It’s a miracle humanity exists – and perhaps fate

Thousands of humans climb minimal ladders and jump into gravity-defying columns of water in Humanity, the new PlayStation/PC collaboration between Tha and Tetsuya Mizuguchi's Enhance.

Origin of Humanity (video game) looks like the end of humanity (concept).

Visual director Yugo Nakamura and his team of creatives asked a simple question: “How many digital people can we put on screen at once?” To find the answer, they created Humanity: A sterile, brutalist world in which endless streams of humans march up, down and around giant structures before falling underground.

Above this point, Humanity Wasn’t much of a game. Nor was it created by game developers – not in the traditional sense.

The designers are part of Thao, a Japanese creative firm that does everything from reimagining Tokyo’s public toilets and Uniqlo’s blocky branding to experimental fashion and experimental art installations.

Their jobs may seem fun, but even the people who get paid to imagine the bathrooms of the future need a break. Every job, after all, is still a job. Or as Nakamura puts it, “It’s always important to have something else [to focus on], not just everyday desk assignments. Something to have fun and be curious about and push things to lead to future projects.

And so the side thing, in 2017, was to put as many people on screen as possible. And in most versions of the story, Humanity It will remain the same – a side item removed to a folder on some office PC.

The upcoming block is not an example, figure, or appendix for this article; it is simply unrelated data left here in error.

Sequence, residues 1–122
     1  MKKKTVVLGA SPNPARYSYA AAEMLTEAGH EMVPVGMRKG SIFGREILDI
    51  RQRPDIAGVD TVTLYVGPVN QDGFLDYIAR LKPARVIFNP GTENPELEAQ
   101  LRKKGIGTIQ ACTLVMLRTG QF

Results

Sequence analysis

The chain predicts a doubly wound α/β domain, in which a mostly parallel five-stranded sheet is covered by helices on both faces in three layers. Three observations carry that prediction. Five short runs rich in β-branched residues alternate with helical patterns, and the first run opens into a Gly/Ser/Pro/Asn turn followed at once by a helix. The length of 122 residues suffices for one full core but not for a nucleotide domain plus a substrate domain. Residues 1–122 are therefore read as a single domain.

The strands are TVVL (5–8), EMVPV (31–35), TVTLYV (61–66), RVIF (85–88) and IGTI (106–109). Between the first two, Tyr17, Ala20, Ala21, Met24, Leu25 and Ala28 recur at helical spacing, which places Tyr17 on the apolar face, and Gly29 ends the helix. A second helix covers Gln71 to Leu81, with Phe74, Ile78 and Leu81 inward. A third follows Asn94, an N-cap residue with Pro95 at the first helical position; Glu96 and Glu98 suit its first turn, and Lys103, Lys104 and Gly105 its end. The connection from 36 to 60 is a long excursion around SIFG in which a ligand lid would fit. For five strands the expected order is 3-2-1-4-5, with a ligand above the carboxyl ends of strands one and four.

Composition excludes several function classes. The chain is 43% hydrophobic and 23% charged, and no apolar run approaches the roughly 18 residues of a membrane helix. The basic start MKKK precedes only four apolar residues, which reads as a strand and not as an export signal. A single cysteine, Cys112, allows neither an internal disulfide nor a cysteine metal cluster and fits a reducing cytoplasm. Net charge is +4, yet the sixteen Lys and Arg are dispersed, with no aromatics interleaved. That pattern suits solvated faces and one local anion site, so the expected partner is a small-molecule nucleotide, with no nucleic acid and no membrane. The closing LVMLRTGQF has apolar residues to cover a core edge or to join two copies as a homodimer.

Also Humanity That’s what happens when you have time to experiment, when you share your ideas with the world, and when you get lucky (or get lucky) and get the support of one of the most iconic video game creators in the history of the medium.

Thousands of humans climb minimal ladders and jump into gravity-defying columns of water in Humanity, the new PlayStation/PC collaboration between Tha and Tetsuya Mizuguchi's Enhance.

Image: Tha/Enhance

Unsure of what would come next for their visual innovation, and unwilling to compost it, the team at Tha presented a visual demo to a panel of judges at the Unity Festival in Tokyo – one of whom was Tetsuya Mizuguchi. If you don’t already know Mizuguchi by name, you know the games he helped create: Rez, Lumins, Xteri Extended ExtraAnd most recently and perhaps most famously, Tetris effect. He is the founder and CEO of Enhance, a video game publisher/experiential art creative studio.

Mizuguchi has used Enhance (and its virtues) to help other projects get off the ground and through development. Sometimes it’s a logical project, like modernizing the greatest puzzle game of all time. Sometimes it’s more abstract, like the R&D lab “focusing on the architecture of synesthesia and other multi-sensory experiences.” In this case, it’s somewhere in the middle: transforming imaginative visual art into a playable, entirely new video game.

“We can call [seeing that early art] “All about luck or chance or timing, but I believe it was meant to be,” says Mizuguchi. Yugo-san said that the tech demo was out of curiosity. But I do not take this word lightly. Curiosity leads to something. When we met, I felt a strong desire to make it [something more]. Not to say that his other work doesn’t have that feeling, but I felt that he wanted to create an experience that was unlike anything he had done before.

“I felt that if I give this guy the tools and resources to make a game, he already has the core sensibilities to do it. I saw in his mannerisms and eyes that he was not going to miss this opportunity.